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Response of Peanut (Arachis hypogaea) and Selected Weeds to Diclosulam

Published online by Cambridge University Press:  12 June 2017

William A. Bailey
Crop Science Department, Box 7620, North Carolina Slate University, Raleigh, NC 27695-7620
John W. Wilcut*
Crop Science Department, Box 7620, North Carolina Slate University, Raleigh, NC 27695-7620
David L. Jordan
Crop Science Department, Box 7620, North Carolina Slate University, Raleigh, NC 27695-7620
Charles W. Swann
Tidewater Agricultural Experiment Station, Suffolk, VA 23437
Vernon B. Langston
Dow AgroSciences, The Woodlands, TX, 77382
Corresponding author's E-mail:


Field studies were conducted at five locations in North Carolina and Virginia during 1996 and 1997 to evaluate weed control, peanut (Arachis hypogaea) response, and peanut yield following diclosulam applied preplant incorporated (PPI) and in systems with commercial herbicide standards. All plots received a PPI treatment of ethalfluralin at 840 g ai/ha. Ethalfluralin plus diclosulam controlled entireleaf morningglory (Ipomoea hederacea var. integriuscula), ivyleaf morningglory (I. hederacea), pitted morningglory (I. lacunosa), common lambsquarters (Chenopodium album), eclipta (Eclipta prostrata), and prickly sida (Sida spinosa) as well as and frequently better than ethalfluralin PPI followed by (fb) acifluorfen plus bentazon postemergence (POST), paraquat plus bentazon early postemergence (EPOST) fb imazapic POST, or imazapic POST. Systems with ethalfluralin plus diclosulam PPI at 26 g ai/ha fb acifluorfen plus bentazon POST controlled a broader spectrum of weeds and yielded greater than systems of ethalfluralin PPI fb imazapic POST or ethalfluralin PPI fb acifluorfen plus bentazon POST. Peanut exhibited excellent tolerance to diclosulam PPI at 17, 26, or 35 g/ha.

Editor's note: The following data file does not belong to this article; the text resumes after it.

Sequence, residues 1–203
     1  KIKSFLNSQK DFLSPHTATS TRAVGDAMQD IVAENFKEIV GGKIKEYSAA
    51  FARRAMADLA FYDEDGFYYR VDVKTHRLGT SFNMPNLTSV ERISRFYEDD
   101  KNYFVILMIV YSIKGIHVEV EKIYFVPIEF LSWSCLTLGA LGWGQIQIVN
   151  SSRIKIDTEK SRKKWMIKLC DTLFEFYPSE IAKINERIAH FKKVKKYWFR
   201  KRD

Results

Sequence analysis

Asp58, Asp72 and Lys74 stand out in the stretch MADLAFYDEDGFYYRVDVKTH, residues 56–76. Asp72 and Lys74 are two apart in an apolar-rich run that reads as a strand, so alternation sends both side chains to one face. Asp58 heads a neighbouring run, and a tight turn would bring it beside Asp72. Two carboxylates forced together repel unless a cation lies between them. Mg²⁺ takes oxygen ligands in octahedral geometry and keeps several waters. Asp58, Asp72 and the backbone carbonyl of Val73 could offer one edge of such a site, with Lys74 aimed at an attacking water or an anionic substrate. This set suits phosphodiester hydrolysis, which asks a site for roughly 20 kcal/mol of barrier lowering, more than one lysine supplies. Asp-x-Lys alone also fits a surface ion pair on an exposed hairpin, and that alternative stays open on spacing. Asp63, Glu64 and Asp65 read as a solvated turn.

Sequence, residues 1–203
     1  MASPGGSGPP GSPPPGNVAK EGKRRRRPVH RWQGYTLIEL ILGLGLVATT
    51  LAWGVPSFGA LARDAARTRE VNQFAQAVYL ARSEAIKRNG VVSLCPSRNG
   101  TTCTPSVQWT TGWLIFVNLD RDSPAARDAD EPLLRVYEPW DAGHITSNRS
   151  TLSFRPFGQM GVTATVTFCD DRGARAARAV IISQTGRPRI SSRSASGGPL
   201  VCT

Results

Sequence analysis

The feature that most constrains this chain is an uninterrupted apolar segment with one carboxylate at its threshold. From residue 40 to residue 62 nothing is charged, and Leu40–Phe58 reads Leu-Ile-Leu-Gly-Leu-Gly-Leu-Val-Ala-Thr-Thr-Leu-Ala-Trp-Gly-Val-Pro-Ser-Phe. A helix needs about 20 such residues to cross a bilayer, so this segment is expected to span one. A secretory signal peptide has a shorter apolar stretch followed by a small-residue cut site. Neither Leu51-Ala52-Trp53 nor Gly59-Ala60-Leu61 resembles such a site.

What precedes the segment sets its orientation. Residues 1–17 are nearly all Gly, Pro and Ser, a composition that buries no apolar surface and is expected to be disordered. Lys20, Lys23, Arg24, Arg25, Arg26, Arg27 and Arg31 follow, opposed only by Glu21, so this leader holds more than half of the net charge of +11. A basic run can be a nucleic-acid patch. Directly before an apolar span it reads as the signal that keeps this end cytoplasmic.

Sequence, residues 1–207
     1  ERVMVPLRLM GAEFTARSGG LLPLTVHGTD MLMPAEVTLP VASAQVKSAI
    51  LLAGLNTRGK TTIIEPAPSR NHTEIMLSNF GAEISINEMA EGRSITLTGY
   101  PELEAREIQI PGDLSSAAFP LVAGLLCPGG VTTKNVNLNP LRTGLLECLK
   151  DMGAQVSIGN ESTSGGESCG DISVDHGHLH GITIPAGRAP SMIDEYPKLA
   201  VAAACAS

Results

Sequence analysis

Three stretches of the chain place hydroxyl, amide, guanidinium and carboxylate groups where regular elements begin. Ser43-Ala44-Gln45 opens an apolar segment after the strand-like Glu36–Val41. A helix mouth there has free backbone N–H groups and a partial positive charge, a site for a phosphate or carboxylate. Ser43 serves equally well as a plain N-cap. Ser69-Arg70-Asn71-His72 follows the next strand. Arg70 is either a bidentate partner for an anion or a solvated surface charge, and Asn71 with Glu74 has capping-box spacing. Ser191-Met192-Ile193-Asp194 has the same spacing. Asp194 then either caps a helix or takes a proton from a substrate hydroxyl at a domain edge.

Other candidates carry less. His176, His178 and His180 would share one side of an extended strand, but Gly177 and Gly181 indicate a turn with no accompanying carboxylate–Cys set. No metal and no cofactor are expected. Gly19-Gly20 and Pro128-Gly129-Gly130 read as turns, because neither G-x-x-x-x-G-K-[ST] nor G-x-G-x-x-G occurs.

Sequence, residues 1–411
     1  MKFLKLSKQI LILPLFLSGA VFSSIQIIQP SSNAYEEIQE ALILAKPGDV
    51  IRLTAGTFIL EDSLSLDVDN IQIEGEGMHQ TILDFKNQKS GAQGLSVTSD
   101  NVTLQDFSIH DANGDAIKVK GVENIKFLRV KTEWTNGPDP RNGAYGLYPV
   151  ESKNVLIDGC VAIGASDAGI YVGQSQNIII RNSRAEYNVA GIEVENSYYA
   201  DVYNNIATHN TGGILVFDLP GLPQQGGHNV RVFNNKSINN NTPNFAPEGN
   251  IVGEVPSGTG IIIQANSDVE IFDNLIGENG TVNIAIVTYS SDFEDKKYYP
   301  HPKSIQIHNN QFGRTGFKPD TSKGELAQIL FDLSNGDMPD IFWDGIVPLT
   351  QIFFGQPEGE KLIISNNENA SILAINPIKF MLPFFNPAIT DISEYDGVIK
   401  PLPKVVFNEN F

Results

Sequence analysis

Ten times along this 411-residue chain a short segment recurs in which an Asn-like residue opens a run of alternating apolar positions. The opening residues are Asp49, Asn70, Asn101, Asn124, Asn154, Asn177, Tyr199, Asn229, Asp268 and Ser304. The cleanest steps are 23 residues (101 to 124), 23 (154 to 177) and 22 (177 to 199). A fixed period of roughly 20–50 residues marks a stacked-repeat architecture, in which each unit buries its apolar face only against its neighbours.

Copyright © 1999 by the Weed Science Society of America 

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